In a country that suffered the harshest wildfires in its recorded history just a year ago, the deluge has become another awful milestone.
Kelly Miller stood in her doorway Monday, watching the water rise to within a few inches of the century-old home where she runs an alternative medicine business. The bridge nearby had already gone under in some of Australia’s worst flooding in decades, along with an abandoned car in the parking lot.
“It’s coming up really quickly,” she said.
Two massive storms have converged over eastern Australia, dumping more than 90cm of rain in just five days. In a country that suffered the worst wildfires in its recorded history just a year ago, the deluge has become another record-breaker — a once-in-50-years event, or possibly 100, depending on the rain that is expected to continue through Tuesday night.
Nearly 20,000 Australians have been forced to evacuate, and more than 150 schools have been closed. The storms have swept away the home of a couple on their wedding day, prompted at least 500 rescues and drowned roads from Sydney up into the state of Queensland 800km north.
Shane Fitzsimmons, the resilience commissioner for New South Wales — a new state position formed after last year’s fires — described the event as another compounding disaster. Last year, huge fires combined into history-making infernos that scorched an area larger than many European countries. This year, thunderstorms have fused and hovered, delivering enough water to push rivers like the Hawkesbury to their highest levels since the 1960s.
Scientists note that both forms of catastrophe represent Australia’s new normal. The country is one of many seeing a pattern of intensification — more extreme hot days and heat waves, as well as more extreme rainfalls over short periods.
It is all tied to a warming earth, caused by greenhouse gases. Because global temperatures have risen 1.1 degrees Celsius over pre industrial levels, landscapes dry out more quickly, producing severe droughts, even as more water vapour rises into the atmosphere, increasing the likelihood of extreme downpours.
“There is a very strong link between global warming and that intensification in rainfall,” said Andy Pitman, director of the ARC Center of Excellence for Climate Extremes at the University of New South Wales. “There’s good scientific evidence to say extreme rain is becoming more extreme due to global warming.”
Australia’s conservative government — heavily resistant to aggressive action on climate change that might threaten the country’s fossil fuel industry — has yet to make that link.
Prime Minister Scott Morrison has offered funds for those forced to flee and several dozen areas have already been declared disaster zones.
“It’s another testing time for our country,” he told a Sydney radio station, 2GB, on Monday.
Windsor may become one of the places hardest hit. Over the weekend, the Hawkesbury rose rapidly by more than 9 metres, and it is expected to peak in the next day or so at 12 metres.
With rain continuing to fall, emergency workers wearing bright orange went door to door on side streets with waist-deep puddles where the road dipped.
In and around the historic downtown, many of the businesses close to the river stayed shut Monday, with a few putting sandbags by their doors. The central meeting place seemed to be at the foot of the Windsor Bridge, where television crews and crowds in rubber boots marvelled at the view.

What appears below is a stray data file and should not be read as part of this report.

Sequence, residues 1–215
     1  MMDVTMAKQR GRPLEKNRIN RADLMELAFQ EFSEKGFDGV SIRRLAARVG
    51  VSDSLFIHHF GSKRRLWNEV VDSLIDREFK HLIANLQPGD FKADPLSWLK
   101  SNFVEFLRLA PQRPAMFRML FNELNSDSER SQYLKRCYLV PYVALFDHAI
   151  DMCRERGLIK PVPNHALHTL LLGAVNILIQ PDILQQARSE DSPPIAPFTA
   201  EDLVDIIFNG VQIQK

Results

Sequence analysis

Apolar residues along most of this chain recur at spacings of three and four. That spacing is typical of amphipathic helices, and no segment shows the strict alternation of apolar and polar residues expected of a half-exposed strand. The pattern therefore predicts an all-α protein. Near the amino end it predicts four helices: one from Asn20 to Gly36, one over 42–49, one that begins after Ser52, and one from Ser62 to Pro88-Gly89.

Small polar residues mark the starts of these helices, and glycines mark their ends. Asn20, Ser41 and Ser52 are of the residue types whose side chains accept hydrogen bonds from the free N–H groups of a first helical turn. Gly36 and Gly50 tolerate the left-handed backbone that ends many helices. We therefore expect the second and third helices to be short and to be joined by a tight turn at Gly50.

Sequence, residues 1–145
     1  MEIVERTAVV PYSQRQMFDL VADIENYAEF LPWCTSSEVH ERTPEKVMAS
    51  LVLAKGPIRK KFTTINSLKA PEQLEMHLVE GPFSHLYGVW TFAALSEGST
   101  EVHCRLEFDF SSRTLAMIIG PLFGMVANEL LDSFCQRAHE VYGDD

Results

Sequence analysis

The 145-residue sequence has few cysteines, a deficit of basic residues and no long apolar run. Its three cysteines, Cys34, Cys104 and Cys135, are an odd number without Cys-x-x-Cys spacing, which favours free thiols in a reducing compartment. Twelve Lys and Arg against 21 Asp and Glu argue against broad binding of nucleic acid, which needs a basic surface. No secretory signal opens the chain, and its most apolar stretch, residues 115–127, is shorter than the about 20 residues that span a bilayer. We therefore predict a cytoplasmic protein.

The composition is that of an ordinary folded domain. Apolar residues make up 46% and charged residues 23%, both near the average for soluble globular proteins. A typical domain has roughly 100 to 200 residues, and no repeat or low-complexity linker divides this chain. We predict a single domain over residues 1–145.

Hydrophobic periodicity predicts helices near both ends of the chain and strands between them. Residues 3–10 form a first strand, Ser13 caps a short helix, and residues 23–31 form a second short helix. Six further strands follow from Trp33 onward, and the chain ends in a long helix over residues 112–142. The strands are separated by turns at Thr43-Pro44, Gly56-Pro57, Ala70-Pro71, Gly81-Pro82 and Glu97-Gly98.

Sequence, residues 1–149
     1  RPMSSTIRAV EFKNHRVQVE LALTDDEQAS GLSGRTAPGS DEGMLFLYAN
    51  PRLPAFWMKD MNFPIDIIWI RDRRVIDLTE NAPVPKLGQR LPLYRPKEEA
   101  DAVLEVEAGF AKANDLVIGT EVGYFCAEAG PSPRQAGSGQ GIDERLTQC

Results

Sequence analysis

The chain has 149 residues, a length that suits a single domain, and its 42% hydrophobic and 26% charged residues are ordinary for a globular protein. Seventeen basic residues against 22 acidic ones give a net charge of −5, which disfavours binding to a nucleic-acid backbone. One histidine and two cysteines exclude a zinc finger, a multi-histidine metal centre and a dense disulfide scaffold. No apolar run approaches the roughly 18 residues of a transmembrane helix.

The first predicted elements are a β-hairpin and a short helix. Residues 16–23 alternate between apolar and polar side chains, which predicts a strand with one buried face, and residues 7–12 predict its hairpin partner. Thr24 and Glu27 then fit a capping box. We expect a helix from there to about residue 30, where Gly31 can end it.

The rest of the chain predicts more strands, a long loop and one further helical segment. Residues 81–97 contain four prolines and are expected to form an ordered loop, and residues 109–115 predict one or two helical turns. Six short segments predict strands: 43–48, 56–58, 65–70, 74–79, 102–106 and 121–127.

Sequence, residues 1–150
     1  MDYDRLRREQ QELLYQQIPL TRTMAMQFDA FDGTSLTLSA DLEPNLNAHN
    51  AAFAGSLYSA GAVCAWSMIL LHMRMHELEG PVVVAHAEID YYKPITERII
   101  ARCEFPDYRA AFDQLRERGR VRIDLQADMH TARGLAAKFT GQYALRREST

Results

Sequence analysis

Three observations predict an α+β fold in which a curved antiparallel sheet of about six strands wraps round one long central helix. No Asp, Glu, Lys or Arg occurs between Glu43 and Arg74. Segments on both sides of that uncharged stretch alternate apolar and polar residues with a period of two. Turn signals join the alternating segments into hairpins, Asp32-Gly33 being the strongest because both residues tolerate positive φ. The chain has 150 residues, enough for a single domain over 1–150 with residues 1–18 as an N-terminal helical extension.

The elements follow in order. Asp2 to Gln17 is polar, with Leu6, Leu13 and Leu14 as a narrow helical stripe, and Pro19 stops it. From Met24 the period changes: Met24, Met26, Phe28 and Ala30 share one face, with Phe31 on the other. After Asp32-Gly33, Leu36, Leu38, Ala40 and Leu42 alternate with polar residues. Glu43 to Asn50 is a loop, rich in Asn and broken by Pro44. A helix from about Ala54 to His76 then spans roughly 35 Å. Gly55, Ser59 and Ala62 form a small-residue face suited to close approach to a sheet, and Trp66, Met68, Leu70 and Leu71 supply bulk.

The new Windsor Bridge, which opened just a few months ago as a “flood-proof” replacement for an older bridge, was completely underwater.
It was built 3 metres higher than the bridge it replaced, but the river flowed over it as if it did not exist. A red flashing light on the top of a buried yellow excavator offered the only hint of the old bridge, or what had once been solid ground.
Cameron Gooch, 46, a diesel mechanic from a town nearby, said he saw huge trees speeding downriver toward the coast a day earlier. The water seemed to have slowed down, he said, becoming a giant bathtub with water held in place and rising slowly from tributaries.
“That’s the problem,” he said. “It’s just going to keep building up.”
A few feet away, Rebecca Turnbull, curator of Howe House, a home and museum built in 1820, put handwritten notes on the furniture that would need to be removed if the water surged a few more feet.
She pointed to a line drawn on the doorway of a room that smelled of damp old wood.
“This is where the water came up to in 1867,” she said.
Like many others in Windsor, she said she doubted the river would reach quite that high this time around. But that did not bring much solace to those closer to the rising brown sludge.
Rachael Goldsworthy, who owns a home and real estate business just behind Miller’s naturopathic clinic — it is a few feet higher on the hillside — said she saw a new Mercedes washed downstream the night before after a man had parked in a small puddle and then went into a grocery store to buy a roast chicken. In just minutes, the rising water carried the car away.
On Monday, she tried to help Miller find a few milk crates — the only defense for some of the heavy furniture that could not be moved out.
Inside, Miller and her son collected oils and other products that she would normally be selling, with plans to put them in a truck or a storage unit. The antique flowered carpet was still dry, and she’d taped up the toilets to keep the septic system from backing up into the house.
She said she did not have flood insurance because she could not afford it. So all she could do was learn from YouTube videos about how to fight a flood.
“We’re trying to work out how to save what we can,” she said. “We don’t want to lose everything.”
Written by: Damien Cave
Photographs by: Matthew Abbott
© 2021 THE NEW YORK TIMES
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